The administrative organizational structure of both firms that identifies each of the administrative functions, the supervisory complement, staffing and reporting relationships for personnel in each firm must be analyzed to determine the most appropriate staffing requirements and structure for the merged firm. To accomplish this, a position description should be drafted and reviewed for each position that lists the functions, responsibilities and reporting relationships for each position. This will allow the development and implementation of action plans to insure the integration of Firm #1 into Firm #2. Creating such an integration plan calls for the determination of the most appropriate staffing ratios. One major concern is the extent to which the current administrative support staff will be willing and able to integrate into the new structure within the merged firm. This is a key issue that should have been addressed by the partners early on during the due diligence process.
Time and billing and practice/litigation support technology, and communications technology and intranet systems must be integrated. Hardware and software have to be inventoried to determine whether the current systems are compatible and if either system has the capacity to handle the volume of additional work required for the merged firm. If not, the decision has to be made whether additional or different hardware and/or software will be required, and which vendor(s) will be best suited to be of service to the increased processing requirements of the merged firm. In addition to analyzing the hardware and software, the technological and organizational skills and know-how of the IT staffs of both firms must be analyzed to determine the most appropriate IT supervisory and staffing structure for the merged firm.
Human resources hiring, training and evaluation activities need to be planned and coordinated. The compensation structure must be explained to the members of the administrative support staffs. Benefits administration for insurances and retirement issues must be addressed.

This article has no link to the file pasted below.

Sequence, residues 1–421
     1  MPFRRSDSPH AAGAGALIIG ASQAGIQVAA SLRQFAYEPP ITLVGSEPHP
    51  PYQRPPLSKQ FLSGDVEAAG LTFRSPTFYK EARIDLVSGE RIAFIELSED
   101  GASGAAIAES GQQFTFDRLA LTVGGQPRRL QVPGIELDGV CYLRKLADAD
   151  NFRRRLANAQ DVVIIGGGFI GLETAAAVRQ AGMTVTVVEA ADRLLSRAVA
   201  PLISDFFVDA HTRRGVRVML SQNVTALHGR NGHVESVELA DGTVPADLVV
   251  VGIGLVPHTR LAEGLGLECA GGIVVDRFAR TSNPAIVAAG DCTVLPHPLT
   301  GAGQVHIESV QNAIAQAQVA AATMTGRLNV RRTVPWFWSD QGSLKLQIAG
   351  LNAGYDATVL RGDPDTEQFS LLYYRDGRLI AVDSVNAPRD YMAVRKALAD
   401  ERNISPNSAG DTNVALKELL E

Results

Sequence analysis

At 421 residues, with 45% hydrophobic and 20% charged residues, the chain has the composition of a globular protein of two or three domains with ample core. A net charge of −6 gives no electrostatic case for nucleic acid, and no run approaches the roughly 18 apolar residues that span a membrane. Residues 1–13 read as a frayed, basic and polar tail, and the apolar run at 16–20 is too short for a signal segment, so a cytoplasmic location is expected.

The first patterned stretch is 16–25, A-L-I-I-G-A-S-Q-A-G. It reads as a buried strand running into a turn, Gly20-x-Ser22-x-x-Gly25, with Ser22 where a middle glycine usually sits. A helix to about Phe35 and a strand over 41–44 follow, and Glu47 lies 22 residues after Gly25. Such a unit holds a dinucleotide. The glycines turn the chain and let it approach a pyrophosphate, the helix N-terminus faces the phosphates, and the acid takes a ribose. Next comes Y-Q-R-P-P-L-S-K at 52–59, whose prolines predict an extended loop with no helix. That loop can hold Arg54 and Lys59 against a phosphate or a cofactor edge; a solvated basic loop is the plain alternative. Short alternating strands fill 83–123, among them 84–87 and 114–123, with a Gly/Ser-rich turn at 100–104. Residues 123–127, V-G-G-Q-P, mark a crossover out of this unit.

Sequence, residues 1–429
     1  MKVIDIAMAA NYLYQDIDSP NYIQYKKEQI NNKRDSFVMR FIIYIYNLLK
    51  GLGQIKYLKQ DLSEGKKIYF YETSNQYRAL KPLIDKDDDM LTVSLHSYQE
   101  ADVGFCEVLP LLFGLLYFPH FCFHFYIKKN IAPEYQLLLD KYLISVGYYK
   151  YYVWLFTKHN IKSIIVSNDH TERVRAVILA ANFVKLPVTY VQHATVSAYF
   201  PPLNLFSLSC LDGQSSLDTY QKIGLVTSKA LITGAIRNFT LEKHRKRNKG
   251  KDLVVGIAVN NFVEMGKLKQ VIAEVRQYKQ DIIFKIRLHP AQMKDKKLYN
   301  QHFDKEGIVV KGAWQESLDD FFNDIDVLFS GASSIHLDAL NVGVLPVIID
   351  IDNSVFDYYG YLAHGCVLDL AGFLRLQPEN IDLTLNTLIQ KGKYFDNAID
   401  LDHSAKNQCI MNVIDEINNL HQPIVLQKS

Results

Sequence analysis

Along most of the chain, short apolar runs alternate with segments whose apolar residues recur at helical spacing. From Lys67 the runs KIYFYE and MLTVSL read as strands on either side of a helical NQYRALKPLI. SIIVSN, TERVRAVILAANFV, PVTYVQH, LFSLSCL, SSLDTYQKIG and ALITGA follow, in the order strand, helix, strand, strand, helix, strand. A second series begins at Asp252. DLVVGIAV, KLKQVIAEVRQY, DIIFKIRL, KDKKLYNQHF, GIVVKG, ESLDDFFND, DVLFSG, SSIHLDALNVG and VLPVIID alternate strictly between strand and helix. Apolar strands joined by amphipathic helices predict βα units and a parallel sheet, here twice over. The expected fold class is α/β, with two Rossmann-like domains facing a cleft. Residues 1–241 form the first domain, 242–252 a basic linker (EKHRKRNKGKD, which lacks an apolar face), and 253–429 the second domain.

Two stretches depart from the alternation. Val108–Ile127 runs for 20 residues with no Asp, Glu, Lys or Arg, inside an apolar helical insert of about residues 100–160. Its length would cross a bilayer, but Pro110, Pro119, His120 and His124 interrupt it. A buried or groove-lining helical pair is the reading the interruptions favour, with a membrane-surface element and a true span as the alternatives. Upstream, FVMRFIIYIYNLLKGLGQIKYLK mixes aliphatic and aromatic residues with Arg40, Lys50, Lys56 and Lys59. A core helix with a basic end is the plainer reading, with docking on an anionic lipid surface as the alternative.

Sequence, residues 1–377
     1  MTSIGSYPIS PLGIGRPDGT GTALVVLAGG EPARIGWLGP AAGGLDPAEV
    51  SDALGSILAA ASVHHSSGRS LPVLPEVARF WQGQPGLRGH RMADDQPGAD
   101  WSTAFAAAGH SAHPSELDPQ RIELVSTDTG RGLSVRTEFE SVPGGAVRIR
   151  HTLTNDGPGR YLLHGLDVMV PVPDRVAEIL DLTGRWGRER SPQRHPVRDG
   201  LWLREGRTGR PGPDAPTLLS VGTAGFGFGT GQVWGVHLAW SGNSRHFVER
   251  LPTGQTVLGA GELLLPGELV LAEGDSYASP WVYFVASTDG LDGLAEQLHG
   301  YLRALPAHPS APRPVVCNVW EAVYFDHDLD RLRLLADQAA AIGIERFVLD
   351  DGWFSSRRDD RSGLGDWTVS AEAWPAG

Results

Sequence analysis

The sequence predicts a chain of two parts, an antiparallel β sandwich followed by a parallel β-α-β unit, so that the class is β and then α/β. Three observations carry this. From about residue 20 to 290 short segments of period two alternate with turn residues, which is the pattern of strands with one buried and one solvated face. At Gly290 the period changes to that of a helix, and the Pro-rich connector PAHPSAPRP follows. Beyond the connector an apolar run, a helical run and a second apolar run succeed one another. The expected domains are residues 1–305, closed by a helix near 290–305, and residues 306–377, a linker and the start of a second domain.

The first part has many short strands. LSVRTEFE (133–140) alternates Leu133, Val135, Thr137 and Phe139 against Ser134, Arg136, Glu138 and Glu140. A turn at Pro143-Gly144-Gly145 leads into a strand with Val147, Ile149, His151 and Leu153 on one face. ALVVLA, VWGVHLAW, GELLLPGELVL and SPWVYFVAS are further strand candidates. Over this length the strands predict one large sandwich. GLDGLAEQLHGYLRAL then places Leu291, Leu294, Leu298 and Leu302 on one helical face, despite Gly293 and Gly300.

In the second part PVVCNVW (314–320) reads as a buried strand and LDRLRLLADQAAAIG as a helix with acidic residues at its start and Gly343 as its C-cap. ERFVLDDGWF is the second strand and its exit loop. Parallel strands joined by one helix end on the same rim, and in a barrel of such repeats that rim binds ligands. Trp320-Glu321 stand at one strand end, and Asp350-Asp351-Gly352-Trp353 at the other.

Operational and human resource manuals have to be updated and distributed to attorneys and members of the support staffs. Common hiring and advancement policies and the development of an integrated compensation program for the partners, associates and members of the support staffs needs to be articulated. Training and development programs for attorneys and members of the support staffs have to be developed and implemented to insure consistency among all personnel who are working at comparable levels.
Professional development and pro bono activities for the firm including bar activities, pro bono legal practice, community service projects, charitable contributions, etc. have to be articulated.
In conclusion, for partners in an increasing number of law firms, merging with another organization may be the only way to accomplish rapidly, or at all, their professional and organizational goals and their desired continuity of existence. However, integrating a merged group of attorneys into a "new" firm culture, practice environment, organizational structure for the business, substantive and administrative sides of the merged firm's practice so that attorneys and members of the support staff from both firms work as one, may realize the anticipated benefits of the combination, immediately and over the longer term.